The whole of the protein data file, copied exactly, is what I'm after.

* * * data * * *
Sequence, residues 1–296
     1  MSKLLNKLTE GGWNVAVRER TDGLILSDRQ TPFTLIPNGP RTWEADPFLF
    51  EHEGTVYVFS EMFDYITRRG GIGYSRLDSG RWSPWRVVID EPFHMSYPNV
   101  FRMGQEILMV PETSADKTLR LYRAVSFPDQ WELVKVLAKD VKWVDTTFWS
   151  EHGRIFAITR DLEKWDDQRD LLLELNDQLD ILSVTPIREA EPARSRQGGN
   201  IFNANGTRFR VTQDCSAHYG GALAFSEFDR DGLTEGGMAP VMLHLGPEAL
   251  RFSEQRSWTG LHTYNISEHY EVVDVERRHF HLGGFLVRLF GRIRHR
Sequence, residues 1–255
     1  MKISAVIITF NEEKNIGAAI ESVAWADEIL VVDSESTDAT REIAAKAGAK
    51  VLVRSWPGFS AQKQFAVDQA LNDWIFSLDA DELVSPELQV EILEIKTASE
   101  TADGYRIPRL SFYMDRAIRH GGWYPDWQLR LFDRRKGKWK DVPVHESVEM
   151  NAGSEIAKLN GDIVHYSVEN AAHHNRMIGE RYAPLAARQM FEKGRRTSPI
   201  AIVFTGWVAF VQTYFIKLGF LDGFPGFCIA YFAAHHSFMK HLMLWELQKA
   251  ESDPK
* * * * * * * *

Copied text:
Sequence, residues 1–296
     1  MSKLLNKLTE GGWNVAVRER TDGLILSDRQ TPFTLIPNGP RTWEADPFLF
    51  EHEGTVYVFS EMFDYITRRG GIGYSRLDSG RWSPWRVVID EPFHMSYPNV
   101  FRMGQEILMV PETSADKTLR LYRAVSFPDQ WELVKVLAKD VKWVDTTFWS
   151  EHGRIFAITR DLEKWDDQRD LLLELNDQLD ILSVTPIREA EPARSRQGGN
   201  IFNANGTRFR VTQDCSAHYG GALAFSEFDR DGLTEGGMAP VMLHLGPEAL
   251  RFSEQRSWTG LHTYNISEHY EVVDVERRHF HLGGFLVRLF GRIRHR
Sequence, residues 1–255
     1  MKISAVIITF NEEKNIGAAI ESVAWADEIL VVDSESTDAT REIAAKAGAK
    51  VLVRSWPGFS AQKQFAVDQA LNDWIFSLDA DELVSPELQV EILEIKTASE
   101  TADGYRIPRL SFYMDRAIRH GGWYPDWQLR LFDRRKGKWK DVPVHESVEM
   151  NAGSEIAKLN GDIVHYSVEN AAHHNRMIGE RYAPLAARQM FEKGRRTSPI
   201  AIVFTGWVAF VQTYFIKLGF LDGFPGFCIA YFAAHHSFMK HLMLWELQKA
   251  ESDPK